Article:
Hubble Detects Exoplanet with Glowing Water Atmosphere

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Hubble Detects Exoplanet with Glowing Water Atmosphere

Post by bystander » Wed Aug 02, 2017 7:48 pm

Hubble Detects Exoplanet with Glowing Water Atmosphere
NASA | JPL-Caltech | STScI | HubbleSite | 2017 Aug 02
STScI-H-p1731a-z1000x800[1].png
Artist's View of WASP-121b
The top of the planet's atmosphere is heated to a blazing 4,600 degrees
Fahrenheit (2,500 Celsius), hot enough to boil some metals.
llustration: NASA, ESA, and G. Bacon (STScI)
Science: NASA, ESA, and T. Evans (Exeter) et al

Scientists have discovered the strongest evidence to date for a stratosphere on a planet outside our solar system, or exoplanet. A stratosphere is a layer of atmosphere in which temperature increases with higher altitudes.

"This result is exciting because it shows that a common trait of most of the atmospheres in our solar system — a warm stratosphere — also can be found in exoplanet atmospheres," said Mark Marley, study co-author based at NASA's Ames Research Center in California's Silicon Valley. "We can now compare processes in exoplanet atmospheres with the same processes that happen under different sets of conditions in our own solar system."

Reporting in the journal Nature, scientists used data from NASA's Hubble Space Telescope to study WASP-121b, a type of exoplanet called a "hot Jupiter." Its mass is 1.2 times that of Jupiter, and its radius is about 1.9 times Jupiter's — making it puffier. But while Jupiter revolves around our sun once every 12 years, WASP-121b has an orbital period of just 1.3 days. This exoplanet is so close to its star that if it got any closer, the star's gravity would start ripping it apart. It also means that the top of the planet's atmosphere is heated to a blazing 4,600 degrees Fahrenheit (2,500 degrees Celsius), hot enough to boil some metals. The WASP-121 system is estimated to be about 900 light-years from Earth — a long way, but close by galactic standards. ...

Hubble Detects Exoplanet with Glowing Water Atmosphere
University of Exeter | 2017 Aug 02

Scientists have found the strongest evidence to date for a stratosphere on an enormous planet outside our solar system, with an atmosphere hot enough to boil iron.

Researchers Detect Exoplanet with Glowing Water Atmosphere
CMNS | University of Maryland | 2017 Aug 02

An ultrahot gas-giant exoplanet with a stratosphere - Thomas M. Evans et al Detection of H2O and Evidence for TiO/VO in an Ultra-hot Exoplanet Atmosphere - Thomas M. Evans et al
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Water Is Destroyed, Then Reborn in Ultrahot Jupiters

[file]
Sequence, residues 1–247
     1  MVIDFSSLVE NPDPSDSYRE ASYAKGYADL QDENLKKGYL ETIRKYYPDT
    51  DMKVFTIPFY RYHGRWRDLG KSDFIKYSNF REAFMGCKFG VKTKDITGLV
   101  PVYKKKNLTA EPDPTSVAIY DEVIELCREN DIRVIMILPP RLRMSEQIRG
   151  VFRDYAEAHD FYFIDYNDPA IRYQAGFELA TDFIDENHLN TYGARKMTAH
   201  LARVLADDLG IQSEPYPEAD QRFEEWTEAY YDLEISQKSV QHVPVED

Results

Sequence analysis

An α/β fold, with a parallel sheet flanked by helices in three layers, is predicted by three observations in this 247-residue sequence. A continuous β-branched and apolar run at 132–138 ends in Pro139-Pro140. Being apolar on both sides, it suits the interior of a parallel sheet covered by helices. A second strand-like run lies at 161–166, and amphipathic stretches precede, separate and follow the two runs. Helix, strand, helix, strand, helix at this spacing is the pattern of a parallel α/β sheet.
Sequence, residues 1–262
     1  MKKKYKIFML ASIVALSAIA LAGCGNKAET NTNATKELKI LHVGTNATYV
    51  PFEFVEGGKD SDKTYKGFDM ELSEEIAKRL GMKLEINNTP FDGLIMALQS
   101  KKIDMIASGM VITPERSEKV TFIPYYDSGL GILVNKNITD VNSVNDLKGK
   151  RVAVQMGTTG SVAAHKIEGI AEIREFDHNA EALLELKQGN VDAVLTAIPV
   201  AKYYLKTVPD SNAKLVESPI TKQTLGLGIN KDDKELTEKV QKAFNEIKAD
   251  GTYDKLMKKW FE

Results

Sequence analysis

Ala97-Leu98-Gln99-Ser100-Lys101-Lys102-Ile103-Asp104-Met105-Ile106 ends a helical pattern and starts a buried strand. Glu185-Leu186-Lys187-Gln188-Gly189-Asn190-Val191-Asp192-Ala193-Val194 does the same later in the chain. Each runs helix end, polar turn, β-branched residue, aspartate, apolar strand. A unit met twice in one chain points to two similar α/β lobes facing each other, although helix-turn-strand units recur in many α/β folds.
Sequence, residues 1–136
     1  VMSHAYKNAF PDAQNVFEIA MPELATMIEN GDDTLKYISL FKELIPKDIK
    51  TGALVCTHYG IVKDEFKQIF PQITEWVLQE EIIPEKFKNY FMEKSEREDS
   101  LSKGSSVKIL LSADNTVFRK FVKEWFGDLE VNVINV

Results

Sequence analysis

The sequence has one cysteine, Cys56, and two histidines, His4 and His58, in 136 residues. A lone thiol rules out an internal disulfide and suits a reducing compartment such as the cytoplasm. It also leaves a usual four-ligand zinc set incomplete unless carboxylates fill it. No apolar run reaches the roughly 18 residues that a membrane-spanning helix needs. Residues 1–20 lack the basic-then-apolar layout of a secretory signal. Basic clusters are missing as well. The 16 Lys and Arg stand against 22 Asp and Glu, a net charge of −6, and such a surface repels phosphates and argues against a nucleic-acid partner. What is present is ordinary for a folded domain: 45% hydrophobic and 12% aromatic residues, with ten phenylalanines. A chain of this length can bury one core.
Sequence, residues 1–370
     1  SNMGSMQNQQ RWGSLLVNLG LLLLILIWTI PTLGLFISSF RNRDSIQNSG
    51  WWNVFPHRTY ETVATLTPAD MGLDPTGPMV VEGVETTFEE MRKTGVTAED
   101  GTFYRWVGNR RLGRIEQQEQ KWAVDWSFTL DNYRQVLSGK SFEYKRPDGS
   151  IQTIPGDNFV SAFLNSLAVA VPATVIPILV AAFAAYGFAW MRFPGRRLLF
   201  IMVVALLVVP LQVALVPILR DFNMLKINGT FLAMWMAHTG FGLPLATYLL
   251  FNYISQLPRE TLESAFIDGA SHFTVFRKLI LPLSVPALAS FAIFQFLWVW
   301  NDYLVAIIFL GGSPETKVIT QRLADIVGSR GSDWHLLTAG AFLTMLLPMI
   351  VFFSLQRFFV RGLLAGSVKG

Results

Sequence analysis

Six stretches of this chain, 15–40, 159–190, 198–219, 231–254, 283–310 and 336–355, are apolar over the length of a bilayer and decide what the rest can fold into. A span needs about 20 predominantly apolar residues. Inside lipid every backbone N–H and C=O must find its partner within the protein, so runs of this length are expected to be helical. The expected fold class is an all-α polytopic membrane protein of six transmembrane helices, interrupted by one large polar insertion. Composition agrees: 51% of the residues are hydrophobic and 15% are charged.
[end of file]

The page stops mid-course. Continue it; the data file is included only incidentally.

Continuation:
Post by bystander » Thu Aug 09, 2018 8:32 pm

Water Is Destroyed, Then Reborn in Ultrahot Jupiters
NASA | JPL-Caltech | Spitzer | Hubble | 2018 Aug 09
Imagine a place where the weather forecast is always the same: scorching temperatures, relentlessly sunny, and with absolutely zero chance of rain. This hellish scenario exists on the permanent daysides of a type of planet found outside our solar system dubbed an "ultrahot Jupiter." These worlds orbit extremely close to their stars, with one side of the planet permanently facing the star.

What has puzzled scientists is why water vapor appears to be missing from the toasty worlds' atmospheres, when it is abundant in similar but slightly cooler planets. Observations of ultrahot Jupiters by NASA's Spitzer and Hubble space telescopes, combined with computer simulations, have served as a springboard for a new theoretical study that may have solved this mystery.

According to the new study, ultrahot Jupiters do in fact possess the ingredients for water (hydrogen and oxygen atoms). But due to strong irradiation on the planet's daysides, temperatures there get so intense that water molecules are completely torn apart. ...

While telescopes like Spitzer and Hubble can gather some information about the daysides of ultrahot Jupiters, the nightsides are difficult for current instruments to probe. The new paper proposes a model for what might be happening on both the illuminated and dark sides of these planets, based largely on observations and analysis of the ultrahot Jupiter known as WASP-121b, and from three recently published studies, coauthored by Parmentier, that focus on the ultrahot Jupiters WASP-103b, WASP-18b and HAT-P-7b, respectively. The new study suggests that fierce winds may blow the sundered water molecules into the planets' nightside hemispheres. On the cooler, dark side of the planet, the atoms can recombine into molecules and condense into clouds, all before drifting back into the dayside to be splintered again.

Ultrahot Planets Have Starlike Atmospheres
Arizona State University | 2018 Aug 09

Ultra-Hot Jupiters Are Half Star, Half Planet
CNRS | via SpaceTime on tumblr | 2018 Aug 09

From Thermal Dissociation to Condensation in the Atmospheres
of Ultra Hot Jupiters: WASP-121b in Context
- Vivien Parmentier et al
Know the quiet place within your heart and touch the rainbow of possibility; be
alive to the gentle breeze of communication, and please stop being such a jerk.
— Garrison Keillor